High performance mysql book suggests that for sharding a blog application, one may want to put comments data across 2 shards: first, on the shard of a person posting comment, and on the shard where the post is stored.

So this raises the question how to reliably duplicate this data. Which of the following data duplication options across shards is recommended?

Option 1: Make 2 separate inserts from the PHP script.
Pros: a) Logic is in application layer.
Cons: a) User is held for 2 inserts. b) This logic will need to be duplicated in every client trying to insert similar data.
Conclusion: Seems reasonable.

Option 2: Form federated tables and use some trigger to handle the insert of duplicate.
Pros: a) App layer doesn't need to worry about multiple inserts
Cons: a) Every shard need to have federated connection to every other shard; b) Federation will work on machines in LAN, but what about at 2 different sites. c) what if connection to federated server fails.
Conclusion: Doesn't seem like a sound idea.

Option 3: Messaging such as RabbitMQ
Pros: a) Different clients can insert data at one place, and all subscribers can consume the insert.
Cons: a) Complex; b) may impose overhead in order to host messaging server, and clients; c) not sure how will it work with a look-up service to locate appropriate shards
Conclusion: Not sure

Option 4: your suggestion?

I will greatly appreciate your help.

  • 1
    Do they give an explanation for why you'd want to duplicate the data? Personally, I think that manually duplicating data is an incredibly bad idea.
    – kdgregory
    Feb 11, 2012 at 23:32
  • 1
    If I wanted to support the "see all my comments" functionality, I might create a table USER_COMMENTS that's sharded by user and contains references to the actual comments. You'd pay a penalty for to retrieve the comments from a shard, but it's a much less frequent operation than retrieving the comments for a post. And you're not faced with the problem of how to synchronize data across two shards.
    – kdgregory
    Feb 11, 2012 at 23:32
  • @kdgregory as you predicted, to support the "see all my comments" functionality, you will create user_comments that's sharded by user. So now you have comments at two place. The question is in settings such as this one where you may need to duplicate data across two shards to prevent cross-shard queries, how would you implement it?
    – jeff musk
    Feb 11, 2012 at 23:38
  • I would pay the cost of a cross-shard query. I'll develop the reasons why as an answer.
    – kdgregory
    Feb 11, 2012 at 23:43

1 Answer 1


This question can be restated more generally as "when do I denormalize data to improve performance." And the answer is "when the cost of performing a normalized query exceeds your performance threshold, and the cost of maintaining duplicate data is justified."

Let's start with a traditional relational design for a bank. How do you compute the current account balance? In a fully normalized schema, you would perform a query against the transaction table. However, your users will be checking their balances all the time, and you don't want to pay the cost of that query for every balance inquiry. So you make the decision to add a field to your ACCOUNTS table, in which you store the current balance and update it as part of every transaction.

On the other hand, given the requirement "show customers the total amount they've spent, by payee," you'd probably perform the query against transactions, rather than attempt to denormalize. While there may be some users who check their payment breakdown on a daily basis, most users will never do it. So you don't want to waste disk space and coding time on a denormalized table.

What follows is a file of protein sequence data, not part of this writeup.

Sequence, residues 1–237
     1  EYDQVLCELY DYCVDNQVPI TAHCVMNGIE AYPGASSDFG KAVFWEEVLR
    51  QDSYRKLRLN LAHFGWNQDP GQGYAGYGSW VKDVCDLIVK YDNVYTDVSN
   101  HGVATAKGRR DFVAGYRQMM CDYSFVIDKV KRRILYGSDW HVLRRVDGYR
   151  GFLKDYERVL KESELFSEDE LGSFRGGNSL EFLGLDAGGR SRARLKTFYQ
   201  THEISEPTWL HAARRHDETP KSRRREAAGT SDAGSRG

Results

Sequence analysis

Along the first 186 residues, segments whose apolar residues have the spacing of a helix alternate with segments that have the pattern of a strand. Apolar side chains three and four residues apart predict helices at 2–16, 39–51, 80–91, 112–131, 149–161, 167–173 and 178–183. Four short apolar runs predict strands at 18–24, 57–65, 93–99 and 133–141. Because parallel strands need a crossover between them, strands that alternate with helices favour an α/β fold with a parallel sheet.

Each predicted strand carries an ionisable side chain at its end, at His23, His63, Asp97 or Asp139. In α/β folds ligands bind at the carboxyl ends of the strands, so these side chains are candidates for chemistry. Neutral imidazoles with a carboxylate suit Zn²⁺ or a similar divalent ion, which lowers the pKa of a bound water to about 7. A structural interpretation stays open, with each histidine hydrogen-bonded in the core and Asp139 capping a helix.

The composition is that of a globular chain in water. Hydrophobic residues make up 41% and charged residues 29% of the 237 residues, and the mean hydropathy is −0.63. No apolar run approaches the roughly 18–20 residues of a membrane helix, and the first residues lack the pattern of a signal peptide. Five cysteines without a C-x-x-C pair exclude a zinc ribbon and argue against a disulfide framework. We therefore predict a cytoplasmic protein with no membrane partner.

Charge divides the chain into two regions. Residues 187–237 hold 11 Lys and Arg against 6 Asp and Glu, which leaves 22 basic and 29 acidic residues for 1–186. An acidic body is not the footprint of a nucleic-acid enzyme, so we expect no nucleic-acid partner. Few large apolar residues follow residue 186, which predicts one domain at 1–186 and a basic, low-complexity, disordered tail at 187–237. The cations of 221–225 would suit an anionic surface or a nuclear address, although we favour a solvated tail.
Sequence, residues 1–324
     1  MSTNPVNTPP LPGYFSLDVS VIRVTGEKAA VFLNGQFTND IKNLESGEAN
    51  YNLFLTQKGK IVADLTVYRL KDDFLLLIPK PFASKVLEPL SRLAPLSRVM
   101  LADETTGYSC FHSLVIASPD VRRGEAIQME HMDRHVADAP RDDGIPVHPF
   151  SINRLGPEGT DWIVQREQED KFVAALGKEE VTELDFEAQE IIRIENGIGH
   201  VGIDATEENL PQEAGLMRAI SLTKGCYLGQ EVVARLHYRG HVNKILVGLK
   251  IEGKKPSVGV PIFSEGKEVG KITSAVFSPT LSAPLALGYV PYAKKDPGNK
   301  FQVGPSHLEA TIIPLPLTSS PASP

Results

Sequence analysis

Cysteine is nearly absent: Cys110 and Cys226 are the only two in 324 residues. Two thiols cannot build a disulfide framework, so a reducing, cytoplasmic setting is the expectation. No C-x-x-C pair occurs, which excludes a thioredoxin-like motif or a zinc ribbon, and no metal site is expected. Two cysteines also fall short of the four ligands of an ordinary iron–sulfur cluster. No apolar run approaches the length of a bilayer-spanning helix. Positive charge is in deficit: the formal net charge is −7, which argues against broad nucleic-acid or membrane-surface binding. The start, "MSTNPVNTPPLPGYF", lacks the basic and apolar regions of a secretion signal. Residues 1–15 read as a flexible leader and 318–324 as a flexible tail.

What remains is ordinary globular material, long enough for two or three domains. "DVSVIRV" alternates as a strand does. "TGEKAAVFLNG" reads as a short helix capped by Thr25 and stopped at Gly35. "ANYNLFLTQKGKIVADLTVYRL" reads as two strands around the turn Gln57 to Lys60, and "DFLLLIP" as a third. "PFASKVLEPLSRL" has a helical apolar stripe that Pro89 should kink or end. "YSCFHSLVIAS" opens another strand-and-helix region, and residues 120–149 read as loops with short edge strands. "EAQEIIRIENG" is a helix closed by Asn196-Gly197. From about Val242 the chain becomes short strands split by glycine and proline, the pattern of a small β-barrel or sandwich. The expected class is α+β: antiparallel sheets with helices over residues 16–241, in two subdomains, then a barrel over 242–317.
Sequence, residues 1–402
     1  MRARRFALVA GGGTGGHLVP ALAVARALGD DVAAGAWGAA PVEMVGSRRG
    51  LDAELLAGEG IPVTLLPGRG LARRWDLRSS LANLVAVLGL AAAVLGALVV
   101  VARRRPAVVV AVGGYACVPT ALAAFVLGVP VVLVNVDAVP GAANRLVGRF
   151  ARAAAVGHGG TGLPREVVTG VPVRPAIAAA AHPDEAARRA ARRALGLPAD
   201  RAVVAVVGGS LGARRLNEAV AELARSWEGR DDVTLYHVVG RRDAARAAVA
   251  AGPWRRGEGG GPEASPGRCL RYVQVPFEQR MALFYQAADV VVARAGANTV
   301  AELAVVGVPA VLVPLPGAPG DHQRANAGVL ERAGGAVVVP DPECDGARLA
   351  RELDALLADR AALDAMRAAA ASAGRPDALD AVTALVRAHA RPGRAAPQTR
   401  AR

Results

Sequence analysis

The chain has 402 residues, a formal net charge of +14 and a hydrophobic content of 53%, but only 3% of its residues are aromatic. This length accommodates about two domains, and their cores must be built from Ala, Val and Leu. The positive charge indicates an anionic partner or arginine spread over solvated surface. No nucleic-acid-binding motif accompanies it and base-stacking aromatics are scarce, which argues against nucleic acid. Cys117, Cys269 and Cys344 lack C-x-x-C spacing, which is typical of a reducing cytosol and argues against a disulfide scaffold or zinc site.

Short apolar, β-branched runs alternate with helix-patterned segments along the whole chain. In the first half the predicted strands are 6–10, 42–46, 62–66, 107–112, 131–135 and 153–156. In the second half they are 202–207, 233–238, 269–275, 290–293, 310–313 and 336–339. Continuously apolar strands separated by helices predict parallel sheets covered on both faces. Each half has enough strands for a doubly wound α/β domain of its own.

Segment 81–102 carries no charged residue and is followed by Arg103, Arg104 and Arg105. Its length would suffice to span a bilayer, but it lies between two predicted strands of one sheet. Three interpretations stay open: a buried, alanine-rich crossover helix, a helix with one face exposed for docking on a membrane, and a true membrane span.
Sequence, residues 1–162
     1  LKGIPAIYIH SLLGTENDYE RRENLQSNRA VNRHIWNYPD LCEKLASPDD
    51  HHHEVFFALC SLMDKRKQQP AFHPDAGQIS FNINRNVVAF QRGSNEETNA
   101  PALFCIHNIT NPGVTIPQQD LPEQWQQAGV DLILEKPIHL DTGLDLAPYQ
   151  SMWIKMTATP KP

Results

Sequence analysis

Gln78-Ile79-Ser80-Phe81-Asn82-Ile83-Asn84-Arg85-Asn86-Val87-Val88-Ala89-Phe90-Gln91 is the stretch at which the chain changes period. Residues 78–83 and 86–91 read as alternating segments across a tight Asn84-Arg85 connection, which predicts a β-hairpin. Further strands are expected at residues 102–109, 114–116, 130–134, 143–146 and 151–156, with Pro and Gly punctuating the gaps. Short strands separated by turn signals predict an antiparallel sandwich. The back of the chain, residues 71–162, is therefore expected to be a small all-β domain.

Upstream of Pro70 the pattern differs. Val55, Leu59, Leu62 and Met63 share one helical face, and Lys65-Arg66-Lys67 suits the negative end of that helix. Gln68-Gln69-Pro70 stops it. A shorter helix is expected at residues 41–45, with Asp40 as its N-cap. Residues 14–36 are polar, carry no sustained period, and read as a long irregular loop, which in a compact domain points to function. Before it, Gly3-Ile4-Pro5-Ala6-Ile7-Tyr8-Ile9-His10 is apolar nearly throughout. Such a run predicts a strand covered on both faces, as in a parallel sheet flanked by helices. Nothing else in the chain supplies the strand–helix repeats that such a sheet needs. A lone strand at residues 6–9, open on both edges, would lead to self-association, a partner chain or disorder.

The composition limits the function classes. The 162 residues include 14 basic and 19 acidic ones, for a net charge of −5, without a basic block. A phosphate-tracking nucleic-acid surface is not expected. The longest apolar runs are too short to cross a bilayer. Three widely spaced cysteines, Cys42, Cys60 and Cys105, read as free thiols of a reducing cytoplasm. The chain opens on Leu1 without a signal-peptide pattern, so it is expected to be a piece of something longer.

I think the same thing applies to "show me all my comments." Yes, there are some users who will do this all the time (and I may be one of them; I often check the "Activity" tag on SO to pay attention to questions that I've answered or commented on). But it's probably not the majority of your users, so it's probably not that expensive in the grand scheme of things to perform an all-shards query to retrieve the data.

Or maybe it is. In that case, you have to answer the question "who is to be master" (or, without the Alice in Wonderland reference, the "authoritative source"). In the case of the bank account, the transaction table is always the master. If, for some reason, the balance as stored on the account is different from that calculated from transactions, you must update the former from the latter.

In the case of blog comments, I believe that the blog entry is the authoritative source. Which means that, when the request completes, I want that table to be updated, regardless of what happens to the comments-by-user table. And I also want the comments-by-user table to have a reference to the comments-by-entry table, so that I can reconstruct it if the two get out of sync.

How you accomplish this is a trade-off between complexity, response time, and how important it is that you keep the two tables in sync.

As you point out, having triggers between the various shards is silly; the whole reason for sharding is independent database operations. So you can throw it out right away.

Updating both tables at the same time is the approach with the fewest moving parts. Over the long term, it will be the most maintainable. And it will be the easiest to debug if something goes wrong.

But if response time is important, then you might think of some sort of messaging approach: update the comments-by-entry table, and queue a message to update the comments-by-user table. If it takes an hour for that message to be processed -- or if it gets lost in a system crash -- no big deal, you can always recover. By no means should you use a messaging approach to update both tables.

So, bottom line is that there are no clear-cut answers; it's all about tradeoffs. And that's why they pay us.


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